take catastrophe in stride,

     avoid frustration in life,

     not avoid making fresh starts, and

     foster self-observation, while

     remaining

    o religious,

    o disciplined,

    o creative,

    o expressive,

    o straightforward, and

    o curious.

    Thats a tall but doable order. The CPSP Covenant already speaks of valuing creativity. That CPSP grasped the need for parish-based programs speaks to inventiveness. CPSP may wish to broaden its view explicitly to include both recovery and discovery of soul, refocusing constantly away from institutions that exist to facilitate and toward the needs of persons trying to maintain serious pastoral relationship.

    While clinical pastoral training implied imparting knowledge with hands-on experience, and clinical pastoral education implied specific exercises for the mind, clinical pastoral creation/invention implies the development of something new. As Edward Thornton pointed out twenty years ago, the best clinical supervisors generally aimed toward neither training nor education but toward transformation  transformation of themselves  and ultimately of their students. Through what Thornton referred to as the central mythic enactment  the so-called mystery of the laying on of CPE hands  the hope was that pastoral theologians, beyond just being trained and educated, would in fact emerge as something new  would be created and invented  re-entering their calling transformed.5

    Again, it is not by accident that clinical pastoral transformation sounds suspiciously like the outcome of intimate hours such as were discussed earlier today. Susan Baur wrote five years ago of psychotherapy as an intense, intimate, and affectionate relationship, one intended  to call two people into existence and revitalize them, as it heightens the relevance of the existential dilemmas they address.6 Is that not akin to what your group refers to as the restoration of soul? Is that not what should occur in supervision, or in local Chapter Meetings? Perhaps similar intimate hours of these plenaries can help ensure that the College of Pastoral Supervision and Psychotherapy will maintain continued ability to re-create and re-invent itself  pastorally transform itself -- into its centenary year and beyond.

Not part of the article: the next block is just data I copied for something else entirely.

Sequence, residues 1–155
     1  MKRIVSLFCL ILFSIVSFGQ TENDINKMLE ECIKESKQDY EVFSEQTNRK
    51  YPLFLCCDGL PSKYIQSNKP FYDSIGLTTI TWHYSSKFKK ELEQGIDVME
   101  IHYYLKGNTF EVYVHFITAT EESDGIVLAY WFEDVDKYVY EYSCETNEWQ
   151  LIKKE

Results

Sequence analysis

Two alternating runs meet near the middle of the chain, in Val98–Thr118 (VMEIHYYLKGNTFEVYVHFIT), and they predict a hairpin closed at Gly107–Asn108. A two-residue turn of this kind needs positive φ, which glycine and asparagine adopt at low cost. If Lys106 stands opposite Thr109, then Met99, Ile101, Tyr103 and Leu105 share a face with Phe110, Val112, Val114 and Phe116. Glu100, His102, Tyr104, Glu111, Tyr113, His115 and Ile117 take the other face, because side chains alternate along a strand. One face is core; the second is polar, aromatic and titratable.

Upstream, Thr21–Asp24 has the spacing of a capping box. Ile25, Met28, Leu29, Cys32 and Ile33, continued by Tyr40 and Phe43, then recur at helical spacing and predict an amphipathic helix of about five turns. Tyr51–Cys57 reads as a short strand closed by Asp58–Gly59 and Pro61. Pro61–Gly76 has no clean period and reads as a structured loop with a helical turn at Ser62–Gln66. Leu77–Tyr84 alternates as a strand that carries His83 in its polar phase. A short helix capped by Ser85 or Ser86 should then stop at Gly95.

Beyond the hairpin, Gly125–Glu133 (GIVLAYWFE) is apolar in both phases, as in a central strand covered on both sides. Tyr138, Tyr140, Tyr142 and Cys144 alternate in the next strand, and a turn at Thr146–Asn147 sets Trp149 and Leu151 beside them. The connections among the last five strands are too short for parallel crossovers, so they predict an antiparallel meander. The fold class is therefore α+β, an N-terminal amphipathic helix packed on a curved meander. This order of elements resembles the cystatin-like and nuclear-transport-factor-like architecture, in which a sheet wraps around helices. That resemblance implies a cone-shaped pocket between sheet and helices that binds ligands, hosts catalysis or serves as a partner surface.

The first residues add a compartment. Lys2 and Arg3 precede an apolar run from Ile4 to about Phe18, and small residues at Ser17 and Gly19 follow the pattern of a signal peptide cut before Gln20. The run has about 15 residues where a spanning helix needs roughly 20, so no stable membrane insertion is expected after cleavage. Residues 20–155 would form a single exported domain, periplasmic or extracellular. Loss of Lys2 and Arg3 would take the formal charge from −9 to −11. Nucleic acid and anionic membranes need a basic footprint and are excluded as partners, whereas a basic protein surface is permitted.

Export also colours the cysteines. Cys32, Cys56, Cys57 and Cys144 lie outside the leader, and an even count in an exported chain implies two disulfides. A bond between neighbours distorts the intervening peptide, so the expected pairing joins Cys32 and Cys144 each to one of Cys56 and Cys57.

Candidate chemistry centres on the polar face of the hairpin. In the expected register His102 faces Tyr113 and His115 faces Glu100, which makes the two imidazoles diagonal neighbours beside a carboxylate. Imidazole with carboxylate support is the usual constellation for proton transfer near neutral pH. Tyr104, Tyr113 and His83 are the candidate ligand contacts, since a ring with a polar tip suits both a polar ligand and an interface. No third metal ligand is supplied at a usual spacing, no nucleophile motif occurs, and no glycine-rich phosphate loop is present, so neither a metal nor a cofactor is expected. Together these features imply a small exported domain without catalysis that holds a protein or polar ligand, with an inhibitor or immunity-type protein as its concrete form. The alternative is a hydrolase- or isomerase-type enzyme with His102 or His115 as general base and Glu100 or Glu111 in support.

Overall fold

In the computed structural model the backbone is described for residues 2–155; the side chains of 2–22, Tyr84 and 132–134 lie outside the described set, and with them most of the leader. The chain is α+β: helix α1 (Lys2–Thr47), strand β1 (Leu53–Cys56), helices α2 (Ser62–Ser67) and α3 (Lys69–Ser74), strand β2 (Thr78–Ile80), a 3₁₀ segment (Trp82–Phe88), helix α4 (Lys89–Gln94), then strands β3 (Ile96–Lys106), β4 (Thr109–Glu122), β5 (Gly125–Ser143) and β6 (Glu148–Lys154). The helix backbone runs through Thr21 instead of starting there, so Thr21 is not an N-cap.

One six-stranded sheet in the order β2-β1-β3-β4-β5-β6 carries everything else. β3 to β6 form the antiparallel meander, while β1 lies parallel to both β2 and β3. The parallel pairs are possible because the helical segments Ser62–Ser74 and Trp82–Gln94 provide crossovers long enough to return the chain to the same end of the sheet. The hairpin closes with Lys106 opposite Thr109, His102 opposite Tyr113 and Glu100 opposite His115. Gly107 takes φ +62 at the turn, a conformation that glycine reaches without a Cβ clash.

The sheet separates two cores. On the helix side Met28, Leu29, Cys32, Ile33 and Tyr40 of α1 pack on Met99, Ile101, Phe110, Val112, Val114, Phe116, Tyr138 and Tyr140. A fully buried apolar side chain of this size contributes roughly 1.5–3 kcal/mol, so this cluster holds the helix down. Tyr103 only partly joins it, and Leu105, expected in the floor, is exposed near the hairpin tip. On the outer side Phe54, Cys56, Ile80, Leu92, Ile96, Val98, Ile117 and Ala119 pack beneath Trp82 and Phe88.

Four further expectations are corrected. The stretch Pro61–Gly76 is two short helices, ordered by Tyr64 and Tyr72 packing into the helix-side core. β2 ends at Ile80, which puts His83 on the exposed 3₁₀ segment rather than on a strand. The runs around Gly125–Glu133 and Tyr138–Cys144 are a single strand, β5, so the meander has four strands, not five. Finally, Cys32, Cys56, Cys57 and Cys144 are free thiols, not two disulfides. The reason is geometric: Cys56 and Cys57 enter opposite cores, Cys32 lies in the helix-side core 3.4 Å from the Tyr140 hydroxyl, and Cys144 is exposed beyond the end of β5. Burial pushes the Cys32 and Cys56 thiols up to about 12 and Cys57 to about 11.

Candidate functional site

Let me begin to close. Several years ago I proposed that it may be time for the College of Pastoral Supervision and Psychotherapy  to rediscover the inspiriting values of remaining Still Crazy After All These Years, adding these to their ongoing recovery of soul. The true legacy of Boisen, Dunbars colleague, I suggested, may be the courage to espouse beliefs not initially shared by others, with the founding years of CPSP most likely to be remembered for their insistence that a soul was a terrible thing to waste. I further proposed that the true legacy of Dunbar may well be the willingness to tackle the apparently impossible task, integrating the spiritual and the more soulful. Without being explicit about it, CPSP members, it also seemed to me, had already adopted Dunbars liberating emphasis on becoming free to think and act, applying it as much to their colleagues as to their patients and parishioners.7 This time I propose that CPSP take to heart one of Dunbars final observations, that centenarians  perhaps movements as much as people  maintain the continued ability to create and invent. Thus among the challenges facing the College of Pastoral Supervision and Psychotherapy are the following:

     to maintain the courage to espouse beliefs not initially shared by others,

     to maintain the willingness to tackle the apparently impossible task, and

     to maintain the continued ability to create and invent.

    (Each time I speak to you as an historian, I discover and recover one more challenge from your distant past. One of these days you may learn not to invite me!)

    I once was lost, but now am found.8 I am honored to be with you. The phone call from Chaplain Raymond Lawrence, pulling my work out of oblivion, pulling together pieces of my life, has revitalized me as a person. I also hope and trust that benefits accrued to others here tonight. I am thankful to be alive, sustained, and enabled to be with you this day. I value your friendship in coming years.

    Shalom.

    #

    1,868 words

    Endnotes

    1 added stanza, mid 19th c, to Amazing Grace, late 18th c.

    2 Boisen, Anton T., The Exploration of the Inner World: A Study of Mental Disorder and Religious Experience, Chicago: Willett, Clark & Co, 1936. p.v;